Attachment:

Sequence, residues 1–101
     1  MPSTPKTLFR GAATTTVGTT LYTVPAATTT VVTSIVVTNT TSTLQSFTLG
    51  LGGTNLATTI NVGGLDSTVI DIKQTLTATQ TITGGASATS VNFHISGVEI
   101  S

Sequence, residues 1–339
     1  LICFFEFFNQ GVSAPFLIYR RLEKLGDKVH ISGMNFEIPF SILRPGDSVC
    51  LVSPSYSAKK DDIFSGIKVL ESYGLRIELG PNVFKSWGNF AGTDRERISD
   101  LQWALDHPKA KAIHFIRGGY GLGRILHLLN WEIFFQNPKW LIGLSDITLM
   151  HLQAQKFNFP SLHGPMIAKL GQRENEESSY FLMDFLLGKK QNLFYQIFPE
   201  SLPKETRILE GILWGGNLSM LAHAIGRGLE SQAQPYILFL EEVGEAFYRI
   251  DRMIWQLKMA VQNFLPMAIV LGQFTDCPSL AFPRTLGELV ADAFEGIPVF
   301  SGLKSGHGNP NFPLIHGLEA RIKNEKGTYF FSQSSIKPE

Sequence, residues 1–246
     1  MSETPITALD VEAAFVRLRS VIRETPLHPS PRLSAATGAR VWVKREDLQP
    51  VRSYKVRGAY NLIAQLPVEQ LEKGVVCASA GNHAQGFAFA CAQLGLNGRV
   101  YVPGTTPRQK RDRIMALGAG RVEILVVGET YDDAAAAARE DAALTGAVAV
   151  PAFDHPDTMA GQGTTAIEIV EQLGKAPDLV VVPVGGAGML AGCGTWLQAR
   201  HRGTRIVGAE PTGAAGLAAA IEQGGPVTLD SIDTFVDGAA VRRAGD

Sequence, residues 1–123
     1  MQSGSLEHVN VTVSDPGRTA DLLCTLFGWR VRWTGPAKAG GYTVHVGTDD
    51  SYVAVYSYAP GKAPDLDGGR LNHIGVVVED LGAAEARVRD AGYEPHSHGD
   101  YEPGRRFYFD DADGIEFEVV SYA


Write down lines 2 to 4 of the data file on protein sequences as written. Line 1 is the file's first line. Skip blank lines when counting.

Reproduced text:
     1  MPSTPKTLFR GAATTTVGTT LYTVPAATTT VVTSIVVTNT TSTLQSFTLG
    51  LGGTNLATTI NVGGLDSTVI DIKQTLTATQ TITGGASATS VNFHISGVEI
   101  S